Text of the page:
‘#Protectjournalists Campaign: For a Protector of Journalists’, Reporters Without Borders, available at:, [accessed 14 July 2016]. 19

‘International coalition urges UN to appoint “journalists’ protector”’, Reporters Without Borders, 29 April 2016:, [accessed 14 July 2016]. 20

‘UNHRC: States must implement crucial resolution on civil society space’, ARTICLE 19, 5 July 2016, available at:, [accessed 15 July 2016].




3.1.1 - AFI Changemakers support Reporters Without Borders in their call for the

establishment of a ‘Special Representative to the UN Secretary-General for the Safety of Journalists’ in order to improve compliance by states with their international human rights obligations. 3.1.2 - We call for the UNHRC to adopt an introspective approach in considering how to

bolster the function of the UNHRC regular sessions as a space for civil society to raise human rights issues of concern that state parties may seek to conceal, and to address the controversy and incongruousness of states restricting the participation of such representatives by preventing their attendance. 3.1.3 - We call for the UNHRC to continue to work with states party to international human

rights instruments to achieve international and consistent respect for them for generations to come.21

[4] Freedom of expression in the digital age Article 19 confirms the right to freedom of expression is to be guaranteed “...through any media”,22 and therefore there is no doubt that this includes digital expression. The last decade has seen an unprecedented increase in the use of the internet; one that the UNDHR could not have anticipated. The internet has created a myriad of forums and outlets for self-expression. New technologies have found a primary user in the youth. A study in internet habits by communications watchdog, Ofcom, identified young people aged between 16 and 24 spend more than 27 hours per week on the internet.23 The context of the digital age is of particular importance to young people among whom there are now those of a generation born into the age of the internet and social media with no experience of the world prior to the rise of these cultural and technological developments and who take for granted their perceived normality. Compared to 22% in 2007, today nearly 21 We note the recent case of the arrest and questioning by military intelligence of Egyptian journalist and human rights defender, Hossam Bahgat, in which the UN High Commissioner for Human Rights called for his immediate release. See ‘Egypt releases journalist Hossam Bahgat after interrogation’, UN News Centre, 10 November 2015: http://www ews ID=52506, [accessed 15 July 2016]. 22 Article 19, UDHR, available at: 23 Anderson, E. (2015), ‘Teenagers spend 27 hours a week online-how internet use has ballooned in the last decade’, The Telegraph, 11 May 2015. Available at: “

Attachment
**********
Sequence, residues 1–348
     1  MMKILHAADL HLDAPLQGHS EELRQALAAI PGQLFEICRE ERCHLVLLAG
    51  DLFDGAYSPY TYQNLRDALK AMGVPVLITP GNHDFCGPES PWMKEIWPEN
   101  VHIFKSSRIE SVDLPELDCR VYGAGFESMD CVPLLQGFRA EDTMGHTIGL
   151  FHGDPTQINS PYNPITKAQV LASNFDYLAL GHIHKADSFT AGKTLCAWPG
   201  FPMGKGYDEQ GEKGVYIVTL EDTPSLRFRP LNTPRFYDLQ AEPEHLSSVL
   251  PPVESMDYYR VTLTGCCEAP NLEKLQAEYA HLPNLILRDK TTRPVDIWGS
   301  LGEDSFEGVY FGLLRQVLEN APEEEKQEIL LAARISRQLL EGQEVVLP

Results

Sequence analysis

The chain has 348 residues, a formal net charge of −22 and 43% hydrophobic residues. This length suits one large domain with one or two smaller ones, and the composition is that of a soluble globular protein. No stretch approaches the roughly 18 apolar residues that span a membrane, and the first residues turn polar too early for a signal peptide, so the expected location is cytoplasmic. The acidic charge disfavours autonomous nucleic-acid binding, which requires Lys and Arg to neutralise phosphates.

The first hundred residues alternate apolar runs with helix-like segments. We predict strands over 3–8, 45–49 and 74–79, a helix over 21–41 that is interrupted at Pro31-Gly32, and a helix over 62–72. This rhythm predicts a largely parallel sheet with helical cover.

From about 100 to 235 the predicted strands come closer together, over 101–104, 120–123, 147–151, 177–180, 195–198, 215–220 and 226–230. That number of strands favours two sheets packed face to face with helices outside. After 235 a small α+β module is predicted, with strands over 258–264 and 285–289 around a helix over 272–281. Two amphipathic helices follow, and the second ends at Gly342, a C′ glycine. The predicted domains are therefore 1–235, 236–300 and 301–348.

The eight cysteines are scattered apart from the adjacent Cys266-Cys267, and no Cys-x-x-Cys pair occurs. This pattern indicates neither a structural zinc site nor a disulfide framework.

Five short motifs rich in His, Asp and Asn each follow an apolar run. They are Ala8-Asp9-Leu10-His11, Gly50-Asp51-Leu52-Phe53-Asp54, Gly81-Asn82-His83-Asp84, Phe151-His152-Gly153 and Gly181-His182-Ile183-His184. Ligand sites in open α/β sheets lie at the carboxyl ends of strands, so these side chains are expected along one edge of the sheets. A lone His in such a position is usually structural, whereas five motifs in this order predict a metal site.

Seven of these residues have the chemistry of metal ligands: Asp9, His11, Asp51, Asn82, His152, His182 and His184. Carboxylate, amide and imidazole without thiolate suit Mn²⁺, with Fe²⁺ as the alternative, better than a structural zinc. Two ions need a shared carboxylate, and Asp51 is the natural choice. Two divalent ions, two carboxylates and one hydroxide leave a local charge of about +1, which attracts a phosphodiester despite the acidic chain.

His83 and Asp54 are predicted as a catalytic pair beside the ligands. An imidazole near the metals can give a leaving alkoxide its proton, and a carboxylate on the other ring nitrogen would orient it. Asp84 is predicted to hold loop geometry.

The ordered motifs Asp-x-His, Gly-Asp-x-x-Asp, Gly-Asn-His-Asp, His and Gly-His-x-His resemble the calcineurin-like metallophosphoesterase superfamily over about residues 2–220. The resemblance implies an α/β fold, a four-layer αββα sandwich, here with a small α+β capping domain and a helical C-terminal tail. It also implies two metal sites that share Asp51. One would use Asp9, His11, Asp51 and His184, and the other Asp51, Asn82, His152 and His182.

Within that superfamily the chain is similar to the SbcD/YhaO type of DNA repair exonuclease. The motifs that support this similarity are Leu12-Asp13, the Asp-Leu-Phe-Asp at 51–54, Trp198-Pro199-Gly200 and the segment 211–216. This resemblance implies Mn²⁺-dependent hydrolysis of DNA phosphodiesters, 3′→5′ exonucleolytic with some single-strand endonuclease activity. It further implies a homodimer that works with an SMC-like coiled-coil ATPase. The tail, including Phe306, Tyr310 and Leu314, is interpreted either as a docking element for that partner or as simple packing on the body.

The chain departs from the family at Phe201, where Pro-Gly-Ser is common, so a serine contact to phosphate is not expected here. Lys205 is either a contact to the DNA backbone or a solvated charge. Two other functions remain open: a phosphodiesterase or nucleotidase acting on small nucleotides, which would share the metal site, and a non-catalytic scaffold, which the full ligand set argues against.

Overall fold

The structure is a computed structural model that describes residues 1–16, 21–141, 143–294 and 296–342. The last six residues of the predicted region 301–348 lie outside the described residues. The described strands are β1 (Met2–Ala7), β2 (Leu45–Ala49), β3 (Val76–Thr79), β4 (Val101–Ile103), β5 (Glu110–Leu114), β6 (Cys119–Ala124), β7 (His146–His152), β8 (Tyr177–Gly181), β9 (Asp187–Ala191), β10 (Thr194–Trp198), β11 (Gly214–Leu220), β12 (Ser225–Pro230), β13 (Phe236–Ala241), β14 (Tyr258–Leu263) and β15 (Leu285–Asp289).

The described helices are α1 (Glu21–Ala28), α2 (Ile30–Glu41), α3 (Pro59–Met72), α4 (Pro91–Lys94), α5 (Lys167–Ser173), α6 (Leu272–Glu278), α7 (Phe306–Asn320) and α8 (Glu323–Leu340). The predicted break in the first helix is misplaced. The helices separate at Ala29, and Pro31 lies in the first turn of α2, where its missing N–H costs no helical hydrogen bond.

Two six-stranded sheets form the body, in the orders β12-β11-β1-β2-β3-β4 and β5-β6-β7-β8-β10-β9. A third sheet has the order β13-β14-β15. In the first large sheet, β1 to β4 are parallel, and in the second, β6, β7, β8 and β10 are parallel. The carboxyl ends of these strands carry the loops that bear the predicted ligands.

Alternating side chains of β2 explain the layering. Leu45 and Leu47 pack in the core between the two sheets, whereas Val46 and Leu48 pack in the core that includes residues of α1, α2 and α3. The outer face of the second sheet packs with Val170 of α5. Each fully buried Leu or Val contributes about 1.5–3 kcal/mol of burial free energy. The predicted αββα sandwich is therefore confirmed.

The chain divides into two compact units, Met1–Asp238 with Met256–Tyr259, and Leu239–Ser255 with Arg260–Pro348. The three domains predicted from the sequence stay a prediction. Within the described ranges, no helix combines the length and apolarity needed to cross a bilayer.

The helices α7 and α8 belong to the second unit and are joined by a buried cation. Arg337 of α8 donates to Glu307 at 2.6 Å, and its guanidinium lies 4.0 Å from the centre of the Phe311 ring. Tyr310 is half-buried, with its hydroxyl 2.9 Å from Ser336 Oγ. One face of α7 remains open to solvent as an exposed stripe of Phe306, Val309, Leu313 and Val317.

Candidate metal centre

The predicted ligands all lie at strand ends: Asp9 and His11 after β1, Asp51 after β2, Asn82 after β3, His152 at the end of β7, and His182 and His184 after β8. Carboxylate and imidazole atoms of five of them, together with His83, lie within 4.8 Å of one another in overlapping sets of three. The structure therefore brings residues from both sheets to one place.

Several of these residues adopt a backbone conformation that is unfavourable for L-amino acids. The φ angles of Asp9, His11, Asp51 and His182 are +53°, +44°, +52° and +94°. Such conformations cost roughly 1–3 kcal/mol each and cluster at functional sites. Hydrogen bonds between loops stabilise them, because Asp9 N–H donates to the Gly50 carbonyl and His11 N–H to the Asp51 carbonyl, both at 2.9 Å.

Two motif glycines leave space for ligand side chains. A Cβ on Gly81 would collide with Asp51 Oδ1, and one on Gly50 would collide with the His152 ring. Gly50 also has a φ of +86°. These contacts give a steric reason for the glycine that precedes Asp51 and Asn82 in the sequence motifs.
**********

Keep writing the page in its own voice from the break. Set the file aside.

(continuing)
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three quarters of internet users have a social media profile.24 The use of the internet by the youth continues to grow at a rapid rate and there is no sign of this slowing down. This brings with it significant implications for free speech. As a result, the right to freedom of expression has had its remit expanded and it is the parameters of this newly defined ‘online’ right that we would like to bring to the UNHRC’s attention.